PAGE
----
Secrets to Savvy Supplies Shopping
More and more beaders are choosing to buy their materials online. And since the worldwide web has become a veritable buffet of delectable beads and findings that are sold online, who could blame them? While online shopping will never replace a trip to the local bead store in my book (my favorite bead store is walking distance from my house–great for my bead addiction, dangerous for my wallet!), I have found that when I have a specific project in mind, ordering materials online is the easiest way to find the items that I need. Of course, one of the tradeoffs of ordering online is that you never know exactly what you are going to get. It can be really difficult to gauge the exact size, shape, and color of the materials you are ordering from a picture on a computer screen. Time and again, I have opened a package of new goodies and been surprised by what was in it. Sometimes, these were pleasant surprises (don't you just love it when you get a free charm with your order?)…but not always. In my years of ordering bead supplies, I have learned a thing or two about buying online, and developed some helpful tips and tricks:
1) Keep a ruler and measuring tape handy. The first thing I do when I am preparing for a digital shopping spree is get out my measuring tools. Make sure you have a way to measure in both inches and millimeters! This way, I can at least get a rough visual for the sizes of the materials I am buying.
2) Refer to a necklace sizing guide for items that are sold by the length. Charts like the one you see here (which I found on this blog on ArtFire.com), show standard necklace lengths on a model and can be found on a number of online jewelry retail sites. This is especially helpful if I am buying chain, cord, or leather that I plan to use in a necklace. There are similar guides available for bracelet sizes, also.
3) Order in small quantities first. Since ordering materials online is always a gamble, I like to place small orders, usually only enough for one or two projects. This way, I haven't taken a bath on materials that I end up not liking, and I can always order more of the ones that I do like!
4) Keep your receipts! I have a special folder in my email inbox for receipts, and I file all of my digital receipts there. This way, if I want to order more of an item that I bought a long time ago, I have a record of where I got it, and exactly what it was. Similarly, I save any marked packaging that seems like it might help in identifying an item down the road. Companies will often mark each bag that they send off with a product number, which makes finding materials again on the vendor's website super simple.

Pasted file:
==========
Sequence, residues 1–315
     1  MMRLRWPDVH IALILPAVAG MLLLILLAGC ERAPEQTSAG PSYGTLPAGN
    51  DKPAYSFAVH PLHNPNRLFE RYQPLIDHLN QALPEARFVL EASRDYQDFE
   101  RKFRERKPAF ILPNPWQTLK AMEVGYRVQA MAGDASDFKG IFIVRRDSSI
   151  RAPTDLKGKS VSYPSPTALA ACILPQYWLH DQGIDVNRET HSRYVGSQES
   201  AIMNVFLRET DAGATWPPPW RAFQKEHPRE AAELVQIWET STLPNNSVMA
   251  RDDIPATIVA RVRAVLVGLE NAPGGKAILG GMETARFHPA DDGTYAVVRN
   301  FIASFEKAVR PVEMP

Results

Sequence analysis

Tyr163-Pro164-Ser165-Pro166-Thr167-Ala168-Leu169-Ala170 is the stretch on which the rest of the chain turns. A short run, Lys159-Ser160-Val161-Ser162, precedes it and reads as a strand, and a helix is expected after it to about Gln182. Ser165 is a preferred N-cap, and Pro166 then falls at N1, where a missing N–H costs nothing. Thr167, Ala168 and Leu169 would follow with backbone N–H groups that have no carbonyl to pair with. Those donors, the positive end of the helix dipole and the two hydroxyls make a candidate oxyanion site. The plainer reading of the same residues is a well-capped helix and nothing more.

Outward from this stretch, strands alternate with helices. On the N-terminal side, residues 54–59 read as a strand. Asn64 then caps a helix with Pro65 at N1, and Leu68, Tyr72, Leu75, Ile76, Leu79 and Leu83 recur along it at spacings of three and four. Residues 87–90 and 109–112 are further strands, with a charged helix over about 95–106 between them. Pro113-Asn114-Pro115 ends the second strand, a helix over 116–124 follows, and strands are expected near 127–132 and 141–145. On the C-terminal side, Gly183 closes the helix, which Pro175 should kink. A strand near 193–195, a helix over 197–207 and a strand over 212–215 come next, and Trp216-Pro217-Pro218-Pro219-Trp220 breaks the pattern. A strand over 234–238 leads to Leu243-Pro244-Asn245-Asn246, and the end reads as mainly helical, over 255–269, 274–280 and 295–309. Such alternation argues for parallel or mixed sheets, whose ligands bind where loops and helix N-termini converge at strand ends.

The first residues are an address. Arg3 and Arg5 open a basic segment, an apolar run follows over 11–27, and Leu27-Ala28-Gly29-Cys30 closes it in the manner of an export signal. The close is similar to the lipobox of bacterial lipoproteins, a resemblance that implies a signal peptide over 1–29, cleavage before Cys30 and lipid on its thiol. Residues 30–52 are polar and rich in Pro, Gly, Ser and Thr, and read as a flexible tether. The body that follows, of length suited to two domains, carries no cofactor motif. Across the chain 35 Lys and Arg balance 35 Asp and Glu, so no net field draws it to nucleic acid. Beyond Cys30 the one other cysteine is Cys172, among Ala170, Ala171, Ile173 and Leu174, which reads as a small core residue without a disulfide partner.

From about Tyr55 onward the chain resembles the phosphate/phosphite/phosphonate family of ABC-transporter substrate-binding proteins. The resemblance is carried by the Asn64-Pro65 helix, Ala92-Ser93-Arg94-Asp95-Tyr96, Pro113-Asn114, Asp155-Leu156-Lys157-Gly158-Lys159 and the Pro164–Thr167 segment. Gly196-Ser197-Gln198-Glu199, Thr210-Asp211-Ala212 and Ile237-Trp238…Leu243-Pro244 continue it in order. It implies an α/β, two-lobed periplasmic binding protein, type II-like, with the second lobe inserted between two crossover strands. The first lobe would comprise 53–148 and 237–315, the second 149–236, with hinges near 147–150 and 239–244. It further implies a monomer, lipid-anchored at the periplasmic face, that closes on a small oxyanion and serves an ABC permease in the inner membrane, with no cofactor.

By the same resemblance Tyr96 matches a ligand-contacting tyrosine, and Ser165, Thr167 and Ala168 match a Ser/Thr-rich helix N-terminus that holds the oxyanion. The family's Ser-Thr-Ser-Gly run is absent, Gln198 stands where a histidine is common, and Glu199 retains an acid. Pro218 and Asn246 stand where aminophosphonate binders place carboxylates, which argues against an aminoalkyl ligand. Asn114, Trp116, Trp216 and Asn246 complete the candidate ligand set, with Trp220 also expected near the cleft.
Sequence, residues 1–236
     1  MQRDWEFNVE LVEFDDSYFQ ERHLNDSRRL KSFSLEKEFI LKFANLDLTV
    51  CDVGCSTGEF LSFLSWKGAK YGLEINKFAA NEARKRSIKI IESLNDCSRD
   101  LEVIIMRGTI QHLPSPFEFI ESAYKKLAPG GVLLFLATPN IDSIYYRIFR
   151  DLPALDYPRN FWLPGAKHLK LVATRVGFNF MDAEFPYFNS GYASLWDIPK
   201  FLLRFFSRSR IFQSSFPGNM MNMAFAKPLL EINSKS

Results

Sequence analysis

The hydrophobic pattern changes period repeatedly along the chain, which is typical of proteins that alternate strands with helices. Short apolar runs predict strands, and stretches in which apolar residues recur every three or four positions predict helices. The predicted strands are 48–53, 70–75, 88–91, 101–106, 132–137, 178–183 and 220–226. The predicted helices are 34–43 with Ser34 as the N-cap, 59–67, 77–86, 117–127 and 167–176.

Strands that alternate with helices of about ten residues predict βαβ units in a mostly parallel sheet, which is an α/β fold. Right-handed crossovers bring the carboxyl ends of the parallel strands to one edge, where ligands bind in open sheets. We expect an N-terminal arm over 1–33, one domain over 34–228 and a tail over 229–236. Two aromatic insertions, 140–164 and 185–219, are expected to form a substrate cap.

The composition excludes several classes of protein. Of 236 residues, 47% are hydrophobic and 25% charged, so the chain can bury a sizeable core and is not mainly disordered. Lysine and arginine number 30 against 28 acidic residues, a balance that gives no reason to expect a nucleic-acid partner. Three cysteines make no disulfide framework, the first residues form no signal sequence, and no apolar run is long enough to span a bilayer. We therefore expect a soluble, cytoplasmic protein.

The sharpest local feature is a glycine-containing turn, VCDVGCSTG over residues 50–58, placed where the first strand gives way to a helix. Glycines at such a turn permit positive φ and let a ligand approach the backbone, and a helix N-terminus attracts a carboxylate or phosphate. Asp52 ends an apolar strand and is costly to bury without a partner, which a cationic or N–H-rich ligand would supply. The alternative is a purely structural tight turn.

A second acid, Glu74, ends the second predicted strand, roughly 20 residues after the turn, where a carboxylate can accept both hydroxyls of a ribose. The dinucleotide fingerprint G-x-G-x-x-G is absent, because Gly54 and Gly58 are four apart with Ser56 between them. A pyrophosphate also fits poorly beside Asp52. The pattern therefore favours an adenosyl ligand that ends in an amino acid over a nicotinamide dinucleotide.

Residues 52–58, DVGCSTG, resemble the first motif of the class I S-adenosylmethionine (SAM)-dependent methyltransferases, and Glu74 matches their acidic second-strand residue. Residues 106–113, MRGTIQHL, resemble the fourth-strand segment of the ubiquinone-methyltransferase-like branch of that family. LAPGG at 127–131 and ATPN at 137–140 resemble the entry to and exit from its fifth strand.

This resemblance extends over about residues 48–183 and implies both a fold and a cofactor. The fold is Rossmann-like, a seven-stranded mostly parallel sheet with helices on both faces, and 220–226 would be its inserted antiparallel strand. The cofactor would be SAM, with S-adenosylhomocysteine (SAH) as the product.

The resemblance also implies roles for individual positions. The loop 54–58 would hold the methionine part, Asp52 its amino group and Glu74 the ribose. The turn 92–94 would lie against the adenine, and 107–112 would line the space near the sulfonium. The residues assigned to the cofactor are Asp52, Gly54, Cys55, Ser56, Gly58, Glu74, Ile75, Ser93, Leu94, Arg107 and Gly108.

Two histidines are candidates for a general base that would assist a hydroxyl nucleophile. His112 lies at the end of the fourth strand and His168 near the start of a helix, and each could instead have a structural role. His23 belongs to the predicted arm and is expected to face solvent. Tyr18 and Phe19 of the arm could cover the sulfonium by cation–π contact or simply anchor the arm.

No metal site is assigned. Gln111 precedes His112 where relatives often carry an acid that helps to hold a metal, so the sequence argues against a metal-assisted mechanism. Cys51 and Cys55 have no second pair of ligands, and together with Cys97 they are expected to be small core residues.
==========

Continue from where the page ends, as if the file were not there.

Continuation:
5) Do the math. Make sure that you are ordering enough of each product for the project you are planning. There are very few things that are more frustrating than reaching the final steps of a new design, only to find that you are three beads short. For a recent charm bracelet workshop that I taught with fellow editor Debbie Blair (see her latest blog here), I quadruple-checked my calculations before ordering supplies for our students. In part, this was to make sure that I ordered enough for everyone, but it was also to avoid wasting money by over-ordering. Better safe than sorry…
6) Utilize buyers' guides. Companies that publish craft magazines and books often publish buyers' guides as well. Right now we are working on collecting products for Beads 2012, the ultimate bead-buyer's guide (check out last year's Beads 2011 here). If you are looking for some exciting new materials, but aren't sure where to look, resources like this are a great place to start.
7) Be flexible. Once you pull the trigger and place an order, remember that you might be surprised by the materials that arrive at your doorstep. They may not end up working for the project that you had in mind, but odds are they will work perfectly for a different project! I have found that when I try to make a new design match the exact picture I had of it in my head, I just end up frustrated. Allow your designs to evolve as you work on them. If a new item looks nothing like what you thought it would, you could choose to get out your chasing hammer and bench block and smash the disappointing item into a million tiny pieces in a blind rage…or you could see it as an opportunity for a completely new design. I think you'll find that option two is far more pleasant (and requires less clean up!).
I am sure there are points that I missed…what are your online bead shopping secrets?